Some time ago I was testing my knowledge of trivia on sporkle. I found a quiz on the moons in the solar system, and I thought "easy", since I was really into that kind of thing when I was younger. What I hadn't counted on, however, was that new moons had been discovered since the last time I had really paid attention to the layout of the solar system: Pluto now had three moons instead of one.
The "new" moon's names are Nix and Hydra, and they were discovered back in 2005. Their orbits are farther away than Charon's, giving them orbital periods of about 25 and 38 days respectively. These periods seem slow compared to Charon, which orbits pluto at the stunning speed of an orbit every 6.4 days.
So, what does a planet about 1/5th the mass of the moon need 3 moons for? Hold on, did I say 3? I meant FIVE. In the last two years, two more moons have been found orbiting Pluto. Tenatively called P4 and P5, these two moons are the 2nd and 4th closest moons to Pluto (see orbital diagram).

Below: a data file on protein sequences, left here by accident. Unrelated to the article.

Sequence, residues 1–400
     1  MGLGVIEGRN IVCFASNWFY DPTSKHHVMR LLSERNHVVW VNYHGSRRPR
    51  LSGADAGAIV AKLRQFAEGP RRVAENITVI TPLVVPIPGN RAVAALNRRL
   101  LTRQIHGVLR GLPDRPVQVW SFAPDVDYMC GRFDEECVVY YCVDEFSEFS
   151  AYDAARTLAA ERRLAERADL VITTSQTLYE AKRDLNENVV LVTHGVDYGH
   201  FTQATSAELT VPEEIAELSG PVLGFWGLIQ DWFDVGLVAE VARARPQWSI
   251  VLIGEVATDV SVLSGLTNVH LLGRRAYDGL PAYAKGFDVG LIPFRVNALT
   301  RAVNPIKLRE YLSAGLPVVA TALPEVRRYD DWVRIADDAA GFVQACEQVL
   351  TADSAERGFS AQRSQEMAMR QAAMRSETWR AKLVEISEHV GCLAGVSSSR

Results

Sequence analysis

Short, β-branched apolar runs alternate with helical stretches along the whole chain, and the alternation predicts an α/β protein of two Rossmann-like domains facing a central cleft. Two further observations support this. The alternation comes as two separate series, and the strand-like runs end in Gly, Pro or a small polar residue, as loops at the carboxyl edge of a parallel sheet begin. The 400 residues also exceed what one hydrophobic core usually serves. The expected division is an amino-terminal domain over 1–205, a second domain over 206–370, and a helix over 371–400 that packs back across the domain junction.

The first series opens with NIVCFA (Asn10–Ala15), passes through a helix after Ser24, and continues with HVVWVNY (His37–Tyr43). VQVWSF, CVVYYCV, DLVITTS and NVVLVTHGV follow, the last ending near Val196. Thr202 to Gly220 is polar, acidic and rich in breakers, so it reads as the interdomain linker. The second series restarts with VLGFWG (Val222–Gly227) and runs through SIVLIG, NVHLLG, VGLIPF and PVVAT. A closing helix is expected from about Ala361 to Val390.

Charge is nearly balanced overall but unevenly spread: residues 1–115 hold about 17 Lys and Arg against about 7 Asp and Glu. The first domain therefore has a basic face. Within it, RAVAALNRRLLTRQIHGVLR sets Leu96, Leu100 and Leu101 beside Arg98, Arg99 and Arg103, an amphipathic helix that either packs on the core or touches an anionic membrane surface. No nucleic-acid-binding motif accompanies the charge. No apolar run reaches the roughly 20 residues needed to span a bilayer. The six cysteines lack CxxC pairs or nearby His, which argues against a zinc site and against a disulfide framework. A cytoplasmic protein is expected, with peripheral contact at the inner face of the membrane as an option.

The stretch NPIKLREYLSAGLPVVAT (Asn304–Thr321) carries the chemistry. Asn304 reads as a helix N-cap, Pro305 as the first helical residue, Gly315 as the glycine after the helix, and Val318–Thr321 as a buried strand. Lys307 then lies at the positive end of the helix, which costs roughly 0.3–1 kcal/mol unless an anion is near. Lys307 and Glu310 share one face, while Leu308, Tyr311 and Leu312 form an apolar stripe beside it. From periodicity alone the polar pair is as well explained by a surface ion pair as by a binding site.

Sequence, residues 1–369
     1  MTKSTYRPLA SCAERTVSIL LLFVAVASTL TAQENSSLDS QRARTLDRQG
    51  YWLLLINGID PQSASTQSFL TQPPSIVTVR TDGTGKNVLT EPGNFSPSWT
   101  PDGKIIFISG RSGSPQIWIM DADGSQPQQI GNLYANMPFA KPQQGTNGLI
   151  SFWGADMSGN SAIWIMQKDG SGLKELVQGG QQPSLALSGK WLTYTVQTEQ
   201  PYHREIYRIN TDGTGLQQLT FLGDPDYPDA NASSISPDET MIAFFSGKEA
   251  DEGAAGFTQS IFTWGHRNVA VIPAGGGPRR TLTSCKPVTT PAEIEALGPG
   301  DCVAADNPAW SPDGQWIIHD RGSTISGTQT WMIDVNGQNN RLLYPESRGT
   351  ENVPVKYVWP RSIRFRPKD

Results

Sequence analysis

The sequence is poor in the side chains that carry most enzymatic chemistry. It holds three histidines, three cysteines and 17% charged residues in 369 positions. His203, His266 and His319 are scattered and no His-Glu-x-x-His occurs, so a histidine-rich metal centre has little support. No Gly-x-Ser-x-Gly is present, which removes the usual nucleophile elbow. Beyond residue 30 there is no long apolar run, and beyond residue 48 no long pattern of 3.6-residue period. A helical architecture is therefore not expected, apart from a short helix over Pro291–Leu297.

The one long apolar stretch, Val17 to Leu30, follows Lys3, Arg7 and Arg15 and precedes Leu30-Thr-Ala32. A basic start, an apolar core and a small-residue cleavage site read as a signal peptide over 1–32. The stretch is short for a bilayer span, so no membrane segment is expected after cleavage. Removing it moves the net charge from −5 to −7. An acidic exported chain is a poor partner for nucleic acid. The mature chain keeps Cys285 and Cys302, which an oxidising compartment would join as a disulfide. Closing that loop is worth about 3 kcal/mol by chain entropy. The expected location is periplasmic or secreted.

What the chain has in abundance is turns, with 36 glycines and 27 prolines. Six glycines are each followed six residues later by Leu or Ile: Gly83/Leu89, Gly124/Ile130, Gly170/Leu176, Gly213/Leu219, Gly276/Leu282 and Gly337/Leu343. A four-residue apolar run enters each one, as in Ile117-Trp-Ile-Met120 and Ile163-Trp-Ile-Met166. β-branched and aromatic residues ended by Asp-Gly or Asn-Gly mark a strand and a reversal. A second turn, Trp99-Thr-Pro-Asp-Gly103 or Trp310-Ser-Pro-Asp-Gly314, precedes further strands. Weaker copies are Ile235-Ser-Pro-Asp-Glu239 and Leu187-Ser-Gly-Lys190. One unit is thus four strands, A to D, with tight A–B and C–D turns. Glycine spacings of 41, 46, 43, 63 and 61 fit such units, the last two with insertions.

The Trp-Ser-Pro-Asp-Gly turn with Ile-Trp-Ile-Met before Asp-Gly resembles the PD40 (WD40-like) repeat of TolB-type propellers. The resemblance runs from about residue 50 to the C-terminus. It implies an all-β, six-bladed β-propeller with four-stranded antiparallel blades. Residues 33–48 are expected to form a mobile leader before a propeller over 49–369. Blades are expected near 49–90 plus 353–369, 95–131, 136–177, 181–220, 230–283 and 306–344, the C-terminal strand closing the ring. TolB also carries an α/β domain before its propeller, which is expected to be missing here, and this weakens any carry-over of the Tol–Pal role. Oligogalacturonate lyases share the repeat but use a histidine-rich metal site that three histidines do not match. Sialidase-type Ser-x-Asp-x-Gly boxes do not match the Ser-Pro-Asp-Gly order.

Enter New Horizons, an exploratory spacecraft launched in 2006. New Horizons is scheduled to arrive at Pluto in mid-July, 2015. There it will study Pluto and its moons before careening off into the Kuiper belt. But there's a bit of a problem. When New Horizons was launched, Pluto had only 3 discovered moons. Now, we know of 5 moons orbiting Pluto, and scientists are concerned that Pluto may have more hazards lurking around it in the form of rings or other dust clouds. Depending on what New Horizons' cameras reveal, it may get a last-minute course change. This potential course change won't keep the spacecraft from studying the system, but it will mean that we won't get any up-close shots of the planet or its moons.